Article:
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Assuming the code:

       "Would you like the differential girdle spring on the up-end of the grammeters?", 
       "Smi-Boloid Stater Slots", 

alt text

If the user presses Escape, i want it to close the message box, and the Show() method can return DialogResult.None.

Related question: How can i enable the "X" in the upper-right of a MessageBox.Show to let the user abort?

Kind of like how a Windows Explorer confirmation dialog lets you press escape to abort.

Kind of like how an Internet Explorer confirmation dialog lets you press escape to abort.

Kind of like how an Outlook confirmation dialog lets you press escape to abort.

Kind of like how every dialog in the history of the universe lets the user press escape ,or click X, in order to say:

"I have no earthly idea what you're asking me, please just don't break my computer."

From the Vista UX Guidelines

Use Yes and No buttons only to respond to yes or no questions. The main instruction should be naturally expressed as a yes or no question. Never use OK and Cancel for yes or no questions.

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6 Answers 6

up vote 3 down vote accepted

I don't believe this is possible, although the typical equivalent is specifying one of the MessageBoxButtons flags with Cancel (specifically YesNoCancel in your case).

It should be fairly straightforward to recreate your own MessageBox function with this feature, if you really want it, though really Cancel does the job.

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Accepted for "not possible" –  Ian Boyd Mar 17 '10 at 17:41

You have to enable the "Cancel" option with the enum value "MessageBoxButtons.YesNoCancel"

This will return DialogResult.Cancel

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or MessageBoxButtons.OKCancel –  Powerlord Feb 12 '09 at 18:38
Except cancel is not a valid answer to the question "Are you sure you want to..." –  Ian Boyd Feb 12 '09 at 18:48
... and escape is not a valid answer to "Yes or No?" –  BC. Feb 12 '09 at 18:58
Escape is not an answer at all, it's a "Oh god, what did i do, i don't know!" –  Ian Boyd Feb 12 '09 at 21:22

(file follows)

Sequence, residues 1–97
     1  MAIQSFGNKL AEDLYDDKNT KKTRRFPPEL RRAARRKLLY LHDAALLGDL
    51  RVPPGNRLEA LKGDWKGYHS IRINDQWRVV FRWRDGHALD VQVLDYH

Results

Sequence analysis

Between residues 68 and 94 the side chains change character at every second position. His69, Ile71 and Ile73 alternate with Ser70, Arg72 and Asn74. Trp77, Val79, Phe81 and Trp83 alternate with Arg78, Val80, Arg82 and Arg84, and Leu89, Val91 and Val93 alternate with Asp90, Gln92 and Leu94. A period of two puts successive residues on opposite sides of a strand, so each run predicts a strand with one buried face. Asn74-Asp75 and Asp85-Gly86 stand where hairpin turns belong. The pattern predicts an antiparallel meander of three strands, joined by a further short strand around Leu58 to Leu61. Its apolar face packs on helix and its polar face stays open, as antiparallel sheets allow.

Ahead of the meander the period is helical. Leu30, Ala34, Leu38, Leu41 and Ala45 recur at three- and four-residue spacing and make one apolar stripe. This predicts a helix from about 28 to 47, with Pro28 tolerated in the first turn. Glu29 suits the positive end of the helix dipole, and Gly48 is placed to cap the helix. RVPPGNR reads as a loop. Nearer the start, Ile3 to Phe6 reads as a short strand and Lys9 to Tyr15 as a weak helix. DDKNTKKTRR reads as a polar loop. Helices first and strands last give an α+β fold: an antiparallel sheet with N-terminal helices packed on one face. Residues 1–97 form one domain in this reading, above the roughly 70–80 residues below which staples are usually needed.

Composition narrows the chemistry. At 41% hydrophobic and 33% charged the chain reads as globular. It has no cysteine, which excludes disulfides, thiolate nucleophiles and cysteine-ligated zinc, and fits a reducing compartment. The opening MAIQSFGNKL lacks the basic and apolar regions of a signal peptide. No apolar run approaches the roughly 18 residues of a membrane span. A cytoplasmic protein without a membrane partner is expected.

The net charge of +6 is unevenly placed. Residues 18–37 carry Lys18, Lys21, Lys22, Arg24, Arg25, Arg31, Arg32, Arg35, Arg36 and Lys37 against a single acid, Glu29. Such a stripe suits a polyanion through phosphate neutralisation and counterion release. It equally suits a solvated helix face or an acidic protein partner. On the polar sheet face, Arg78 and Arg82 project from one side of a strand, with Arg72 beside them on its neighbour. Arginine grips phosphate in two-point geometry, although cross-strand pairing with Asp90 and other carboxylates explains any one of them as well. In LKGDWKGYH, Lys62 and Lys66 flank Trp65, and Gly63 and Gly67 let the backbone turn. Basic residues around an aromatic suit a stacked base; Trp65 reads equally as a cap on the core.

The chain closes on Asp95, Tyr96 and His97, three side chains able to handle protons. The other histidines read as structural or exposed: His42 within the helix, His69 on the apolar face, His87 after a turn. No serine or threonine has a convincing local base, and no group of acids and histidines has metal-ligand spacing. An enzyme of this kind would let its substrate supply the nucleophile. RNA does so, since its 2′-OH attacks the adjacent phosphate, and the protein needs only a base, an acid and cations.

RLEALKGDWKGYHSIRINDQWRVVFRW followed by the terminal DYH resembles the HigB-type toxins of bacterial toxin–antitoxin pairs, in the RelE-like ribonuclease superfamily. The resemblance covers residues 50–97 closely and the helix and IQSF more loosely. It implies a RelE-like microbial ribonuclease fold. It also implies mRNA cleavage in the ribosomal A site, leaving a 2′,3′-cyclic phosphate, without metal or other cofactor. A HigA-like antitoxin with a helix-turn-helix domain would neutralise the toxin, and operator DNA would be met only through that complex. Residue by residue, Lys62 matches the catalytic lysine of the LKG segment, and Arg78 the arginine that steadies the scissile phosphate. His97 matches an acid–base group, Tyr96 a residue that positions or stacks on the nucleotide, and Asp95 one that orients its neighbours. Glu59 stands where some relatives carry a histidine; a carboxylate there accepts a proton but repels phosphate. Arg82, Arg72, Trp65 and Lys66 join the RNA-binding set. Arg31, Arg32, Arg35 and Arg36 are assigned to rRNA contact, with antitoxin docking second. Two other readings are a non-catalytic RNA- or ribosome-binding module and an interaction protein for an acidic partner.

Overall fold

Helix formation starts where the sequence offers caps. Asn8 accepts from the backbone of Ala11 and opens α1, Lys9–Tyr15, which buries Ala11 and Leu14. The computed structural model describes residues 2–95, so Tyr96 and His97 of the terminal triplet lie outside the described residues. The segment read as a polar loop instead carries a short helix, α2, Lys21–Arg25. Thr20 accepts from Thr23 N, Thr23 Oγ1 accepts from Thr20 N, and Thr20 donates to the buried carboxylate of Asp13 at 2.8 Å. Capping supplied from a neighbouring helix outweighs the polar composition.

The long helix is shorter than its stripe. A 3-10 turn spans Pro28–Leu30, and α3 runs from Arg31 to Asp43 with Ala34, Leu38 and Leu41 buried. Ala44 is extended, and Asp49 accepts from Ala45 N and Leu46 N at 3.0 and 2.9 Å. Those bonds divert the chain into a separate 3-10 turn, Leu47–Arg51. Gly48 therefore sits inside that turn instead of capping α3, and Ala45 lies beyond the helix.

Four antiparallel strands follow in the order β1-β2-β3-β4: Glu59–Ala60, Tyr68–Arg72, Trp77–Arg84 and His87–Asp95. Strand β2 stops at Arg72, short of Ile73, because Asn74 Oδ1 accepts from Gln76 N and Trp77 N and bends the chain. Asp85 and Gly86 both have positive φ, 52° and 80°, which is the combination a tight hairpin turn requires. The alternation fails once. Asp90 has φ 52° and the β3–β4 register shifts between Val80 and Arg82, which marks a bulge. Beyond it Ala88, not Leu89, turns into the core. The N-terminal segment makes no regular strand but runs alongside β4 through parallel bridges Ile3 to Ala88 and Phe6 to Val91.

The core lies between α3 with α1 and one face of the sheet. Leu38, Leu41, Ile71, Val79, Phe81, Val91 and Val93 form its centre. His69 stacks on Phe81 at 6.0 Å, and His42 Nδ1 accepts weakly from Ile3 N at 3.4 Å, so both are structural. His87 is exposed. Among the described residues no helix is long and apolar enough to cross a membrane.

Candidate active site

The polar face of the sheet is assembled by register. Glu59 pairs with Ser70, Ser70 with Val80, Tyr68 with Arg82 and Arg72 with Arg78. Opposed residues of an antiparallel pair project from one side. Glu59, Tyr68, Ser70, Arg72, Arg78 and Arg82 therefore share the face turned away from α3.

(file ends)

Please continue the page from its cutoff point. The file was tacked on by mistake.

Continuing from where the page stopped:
I suspect that if you include MessageBoxButtons.YesNoCancel, by default Escape is wired to cancel which will return a MessageBoxResult of Cancel.

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What does it mean if the user hits "No" verses "Cancel"? –  Ian Boyd Feb 12 '09 at 18:44
No and Cancel mean essentially the same thing in this case. YesNoCancel is appropriate for things like "Would you like to save changes to your document before closing HelloWorld?" Yes: Save please. No: Close without saving. Cancel: Don't close or save, just go back. –  JMD Feb 12 '09 at 18:48
But both essentially does the same thing, thats why we want an escape option!! I dunno why microsoft misses it! And now even if No and cancel mean different things, why cant I just escape a YesNo dialog! I rolled one of my own to tackle this problem.. –  nawfal Jan 5 '12 at 6:36

Further to the other answers it is probably bad practice to allow a user to close a dialog with escape unless it shows a "Cancel" button as this differs from the default behaviour that users expect from Windows applications and they may become uncertain as to which action they just took by pressing the escape key.

As already mentioned adding a "Cancel" button will automatically create the desired effect.

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Escape means, "Oh shit, I didn't mean to do that, pretend I didn't do whatever I did that made this thing appear." –  Ian Boyd Feb 12 '09 at 18:43

I think MessageBox (both the one in WinForms and WPF) is one of those components that are best redefined. Its behavior is so rigid that any sort of refactoring is next to impossible. In short, roll your own - that way you can have Escape close it, and anything else you may require.

There's a project on CodePlex called InfoBox that could be of use to you.

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It sounds like MessageBoxButtons.OkCancel is what you are looking for, you are just hung up on the fact that the question does not match Ok/Cancel.

You could in theory write your own MessageBox form that does the same thing and associates No with the Escape key, that would accomplish exactly what you want, with a bit of extra work.

Another option is to rephrase your question, for example:

MessageBox.Show(this, "The following operation will format your computer.\r\nPress Ok to continue, Cancel to abort", "Confirm Format", MessageBoxButtons.OkCancel, MessageBoxIcon.Warning);

Just an example, but it is likely the simplest solution to your dilemma.

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Usability vs ease of use. Hmmm –  Ian Boyd Feb 12 '09 at 21:21

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